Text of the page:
Exchange of Real Estate Ordinance Clears the Way for Rubble Removal
By LYNNETTE FORTH | For The Prairie Advocate News
LANARK – It’s official. During the last meeting of the Lanark City Council, final approval was given to go ahead with the exchange of real estate between the City of Lanark and Amy Barnes, owner of Isenhart Realty. Ordinance #880 was unanimously approved, with each side being required to purchase title insurance.
Kevin Barnes voiced some discouragement with the tax agreement portion of the ordinance, stating “Why would you hold us responsible for the 2014 taxes if you cannot guarantee it will be done in a month?”
Mayor Huggins responded by stating “If we leave in the taxes due for 2013, and take out the 2014 taxes . . . I would be willing to do that”.
City Clerk Jackie Hawbecker stated that she has received some questions from residents wanting to know how much parking the old City Hall building has. Mayor Huggins answered “None. I think people are assuming that the building comes with a Municipal parking lot, but it does not. The lot goes from Carroll St. to the alley down the middle of the block. It is 30 feet wide by 60 feet long”.
Following the approval by council members to give a credit of the 2014 tax amount, Barnes told City Attorney Ed Mitchell that she would like to close on the property next week. Building demolition is slated to begin on February 3rd, but is very flexible. The terms for both the city getting title to 107 N. Broad, and Barnes acquiring the old City hall building, is “as is.”
Continuing, Council approved the minutes from the November 19th council meeting, as well as the finance report, and the Treasurer’s reports.
Attorney Ed Mitchell reported on blighted buildings, informing Aldermen that papers were served on the Fox property on November 12th. The bank has released the lien on the Gilbert property, and Mitchell commented that he has received a few phone calls inquiring about the property. “Hopefully something will happen,” Mitchell replied.
City Treasurer Michelle Barnes questioned a bill received from the Illinois Department of Transportation, not sure if the bill was from work done on Route 73. Clerk Hawbecker responded “This is the first bill I have seen.”
Barnes also reported that she had a bill from Scott’s Electric for a light fixture repair on the back of the Heritage Center. The amount due is $156.88. Barnes wondered whether she should submit payment, or if the bill is the responsibility of the Heritage Center.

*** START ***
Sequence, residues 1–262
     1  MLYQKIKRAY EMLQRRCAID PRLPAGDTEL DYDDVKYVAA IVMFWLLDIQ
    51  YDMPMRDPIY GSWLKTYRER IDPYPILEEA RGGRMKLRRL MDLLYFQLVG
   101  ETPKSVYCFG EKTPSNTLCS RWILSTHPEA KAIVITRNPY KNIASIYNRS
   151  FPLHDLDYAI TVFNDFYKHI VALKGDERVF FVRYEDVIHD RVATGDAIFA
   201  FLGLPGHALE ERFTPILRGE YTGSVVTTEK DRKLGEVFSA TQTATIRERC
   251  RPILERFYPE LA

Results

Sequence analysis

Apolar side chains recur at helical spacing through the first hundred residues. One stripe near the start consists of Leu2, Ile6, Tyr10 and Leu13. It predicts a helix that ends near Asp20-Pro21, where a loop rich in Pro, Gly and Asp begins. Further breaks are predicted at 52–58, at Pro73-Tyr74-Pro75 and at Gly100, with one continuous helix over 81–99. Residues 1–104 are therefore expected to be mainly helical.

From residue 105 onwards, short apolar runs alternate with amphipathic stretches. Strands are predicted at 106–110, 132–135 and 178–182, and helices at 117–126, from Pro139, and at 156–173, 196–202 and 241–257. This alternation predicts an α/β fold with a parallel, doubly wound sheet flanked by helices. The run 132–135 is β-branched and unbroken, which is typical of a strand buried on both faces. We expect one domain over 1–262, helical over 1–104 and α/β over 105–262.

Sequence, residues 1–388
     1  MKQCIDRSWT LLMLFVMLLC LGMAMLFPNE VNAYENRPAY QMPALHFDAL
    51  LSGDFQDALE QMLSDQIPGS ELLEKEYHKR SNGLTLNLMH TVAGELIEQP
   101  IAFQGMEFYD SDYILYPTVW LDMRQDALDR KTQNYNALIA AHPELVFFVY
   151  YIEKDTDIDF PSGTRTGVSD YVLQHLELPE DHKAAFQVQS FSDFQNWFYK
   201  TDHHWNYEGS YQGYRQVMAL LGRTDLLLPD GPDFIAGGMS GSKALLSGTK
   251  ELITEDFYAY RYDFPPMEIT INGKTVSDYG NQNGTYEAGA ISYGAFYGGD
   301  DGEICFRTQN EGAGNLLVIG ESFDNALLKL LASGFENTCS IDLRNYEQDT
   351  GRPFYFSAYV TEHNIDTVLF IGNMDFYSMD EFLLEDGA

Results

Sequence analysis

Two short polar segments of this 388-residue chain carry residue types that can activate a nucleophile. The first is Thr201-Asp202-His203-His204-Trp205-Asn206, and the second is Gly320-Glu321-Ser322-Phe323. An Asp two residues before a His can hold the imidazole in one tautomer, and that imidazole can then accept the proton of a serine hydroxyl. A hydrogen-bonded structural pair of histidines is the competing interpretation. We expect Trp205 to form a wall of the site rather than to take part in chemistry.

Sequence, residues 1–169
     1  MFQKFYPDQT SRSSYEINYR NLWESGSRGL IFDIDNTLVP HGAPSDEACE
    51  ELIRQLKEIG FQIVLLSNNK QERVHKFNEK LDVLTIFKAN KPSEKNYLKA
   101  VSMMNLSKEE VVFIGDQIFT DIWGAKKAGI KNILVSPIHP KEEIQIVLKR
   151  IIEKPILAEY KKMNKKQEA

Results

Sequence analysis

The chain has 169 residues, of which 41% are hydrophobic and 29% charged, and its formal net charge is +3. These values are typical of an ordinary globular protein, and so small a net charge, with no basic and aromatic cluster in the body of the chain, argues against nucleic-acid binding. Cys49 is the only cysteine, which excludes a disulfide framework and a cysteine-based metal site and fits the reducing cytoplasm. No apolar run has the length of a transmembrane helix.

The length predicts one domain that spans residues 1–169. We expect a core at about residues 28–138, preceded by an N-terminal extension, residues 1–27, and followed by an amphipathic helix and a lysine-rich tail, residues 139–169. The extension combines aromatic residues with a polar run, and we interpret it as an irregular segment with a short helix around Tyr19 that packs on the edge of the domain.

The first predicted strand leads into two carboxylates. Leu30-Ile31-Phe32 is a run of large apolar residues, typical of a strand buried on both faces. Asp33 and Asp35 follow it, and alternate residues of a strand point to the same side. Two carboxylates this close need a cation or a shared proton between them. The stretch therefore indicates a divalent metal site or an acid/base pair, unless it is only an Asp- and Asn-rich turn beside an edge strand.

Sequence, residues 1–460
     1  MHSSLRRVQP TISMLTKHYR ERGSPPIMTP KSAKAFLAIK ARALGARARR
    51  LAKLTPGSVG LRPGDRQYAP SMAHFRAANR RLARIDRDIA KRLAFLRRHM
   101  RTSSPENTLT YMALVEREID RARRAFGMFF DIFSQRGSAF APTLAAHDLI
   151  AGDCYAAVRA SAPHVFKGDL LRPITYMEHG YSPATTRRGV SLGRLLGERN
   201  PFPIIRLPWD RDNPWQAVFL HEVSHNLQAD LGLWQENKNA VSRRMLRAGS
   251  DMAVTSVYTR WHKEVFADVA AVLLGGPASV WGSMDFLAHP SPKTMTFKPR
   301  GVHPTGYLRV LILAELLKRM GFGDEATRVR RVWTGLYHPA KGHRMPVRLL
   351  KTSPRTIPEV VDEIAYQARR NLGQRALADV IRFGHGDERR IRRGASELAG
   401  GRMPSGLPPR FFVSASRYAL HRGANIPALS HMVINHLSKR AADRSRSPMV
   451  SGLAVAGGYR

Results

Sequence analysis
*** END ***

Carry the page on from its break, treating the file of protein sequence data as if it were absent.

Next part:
“Scott should be paid regardless,” Alderman Mark Macomber replied. Discussion took place over where the payment should come from, with council members ultimately deciding to submit a total payment of $1,403.00 which included past work to Scott’s Electric, and will decide about the Heritage Center’s portion at a later date.
Council then approved a contract for the demolition of 105/107 Broad Street. The Northern Illinois Service Company had submitted a bid of $85,900.00 on February 1st, 2013. Approval was granted by the council.
Also, a Streets and Property committee meeting with Nick Wagner and Sharon Peppin was recently held, with a contract being presented for the consideration for work to be done on Blair Parkway and the East lift station. Aldermen decided to table any decision for now, allowing for more information to be gathered. MSA representative Steve Haring also informed council members that he would like to sit down with Public Works Director Les Guenzler, who is planning to retire in 2014, and go through his notes and files, to prepare a database with all needed information. The cost for this service would be $1,600.00, with council members granting approval.
A resident questioned the council about the demolition and clean-up of the properties at 105-107 Broad, asking “Do you have any ideas for what to do after the demolition? With buildings in disrepair, does the City have anything to help stop this from happening again?”
Mayor Huggins replied, “In the Spring through Western Illinois University, we will be doing a MAPPING project, we are hoping to have that as a project”.
Mayor Huggins reported to the council that he would encourage them to sit down and go through the International Building Codes’ Property Management ordinances when they have time.
Director of Public Works Les Guenzler reported that he received a quote for a pump on the southside lift station. Mayor Huggins questioned, “How old is the pump we have now?”
Macomber responded “5 years?” Aldermen discussed options, and ultimately decided the best idea would be to purchase a new one, at the cost of $3,133.00.
Mayor Huggins commented that he would like to see the City purchase a letter folder for the office, with the addition of the newsletters being sent out. “It would make it a lot easier.” Macomber commented that he has heard a lot of positive feedback concerning the newsletters.
Clerk Hawbecker asked the council if the city is required to offer insurance to employee family members. Recently, she had someone inquiring about it. “We offer it, if they pay for it,” replied Alderman Anne Lindsay. “I don’t think it is mandatory,” Attorney Mitchell said.
With no further business, the meeting was adjourned, with the next regular council meeting scheduled for December 17th, in the City Hall.